Despite developing the exact same 333 hp and 480 Nm (354 lb ft) of torque as the M276 DELA 30 in the Mercedes-Benz E 400, this is not the same engine used on the E-Class.
Internally codenamed M276 DELA 35, the all-new V6 sports a 3.498 cc displacement compared with the 2996 cc of the M276 DELA 30 from the Mercedes-Benz E 400 and the recently-introduced SL 400 Roadster.
Since both the horsepower and the torque are identical between the two powerplants, one would inquire as to what exactly is the advantage of the larger one. Well, to answer that we have to look at another difference, which is brought by the much lower charging pressure of the 3.5-liter engine.
While the three-liter V6 has a rather high 1.8 bar (26.1 psi) charging pressure, the new 3.5-liter achieves the same power output with just 0.7 bar (10.2 psi) of charging pressure from the two turbochargers.
This results in the same power output but a slightly smaller fuel consumption, with the CLS 400 using just 10 liters of fuel per 100 km (23.5 mpg), while the E 400 has to make do with 10.4 liters per 100 km (22.6 mpg).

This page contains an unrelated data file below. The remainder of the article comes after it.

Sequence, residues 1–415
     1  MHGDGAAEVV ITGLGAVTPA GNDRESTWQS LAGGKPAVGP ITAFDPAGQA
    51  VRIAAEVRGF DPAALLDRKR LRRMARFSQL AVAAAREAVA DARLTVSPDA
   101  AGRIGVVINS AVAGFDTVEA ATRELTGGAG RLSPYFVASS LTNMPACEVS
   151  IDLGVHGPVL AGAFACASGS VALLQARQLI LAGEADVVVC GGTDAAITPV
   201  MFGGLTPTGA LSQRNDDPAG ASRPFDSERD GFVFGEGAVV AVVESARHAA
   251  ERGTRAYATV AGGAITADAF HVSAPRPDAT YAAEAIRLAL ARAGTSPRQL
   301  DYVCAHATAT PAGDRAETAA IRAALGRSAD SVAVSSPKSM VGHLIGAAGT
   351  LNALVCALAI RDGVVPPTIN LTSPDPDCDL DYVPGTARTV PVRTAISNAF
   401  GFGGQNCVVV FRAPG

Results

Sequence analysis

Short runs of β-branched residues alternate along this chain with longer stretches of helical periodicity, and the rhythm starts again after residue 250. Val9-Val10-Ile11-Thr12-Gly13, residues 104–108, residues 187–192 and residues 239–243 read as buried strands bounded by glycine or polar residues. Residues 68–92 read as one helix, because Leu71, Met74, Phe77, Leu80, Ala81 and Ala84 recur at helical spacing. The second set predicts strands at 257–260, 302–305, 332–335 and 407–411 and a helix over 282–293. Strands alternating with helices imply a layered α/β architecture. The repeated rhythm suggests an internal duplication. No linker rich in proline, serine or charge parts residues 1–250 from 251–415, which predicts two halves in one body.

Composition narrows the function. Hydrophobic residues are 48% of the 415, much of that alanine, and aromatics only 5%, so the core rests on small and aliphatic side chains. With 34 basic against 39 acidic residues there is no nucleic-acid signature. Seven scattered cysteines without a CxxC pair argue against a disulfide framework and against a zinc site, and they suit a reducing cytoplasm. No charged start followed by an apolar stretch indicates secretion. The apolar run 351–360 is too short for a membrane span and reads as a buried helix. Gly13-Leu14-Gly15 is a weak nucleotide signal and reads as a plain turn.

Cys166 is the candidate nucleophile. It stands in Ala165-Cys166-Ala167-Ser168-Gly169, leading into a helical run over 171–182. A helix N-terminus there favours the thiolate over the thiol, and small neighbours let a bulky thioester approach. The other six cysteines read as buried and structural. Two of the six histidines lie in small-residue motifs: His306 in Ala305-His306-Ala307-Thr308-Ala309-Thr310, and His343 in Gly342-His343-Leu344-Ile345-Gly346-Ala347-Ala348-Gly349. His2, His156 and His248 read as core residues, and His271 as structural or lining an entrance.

We don't have a clue yet if either the better fuel consumption figures or the more relaxed mode of operation is the main reason behind the existence of the all-new V6, but what is known for sure is that Mercedes-Benz didn't go to all the trouble to create a thorough press release for the engine - which is why we got all of the information above from the Germans from MB Passion.
On this tiny bombshell, we are now waiting to see if the upcoming C 450 Sport will use a modified variant of the three-liter or the 3.5-liter V6, but we will have to wait a few more months to find out.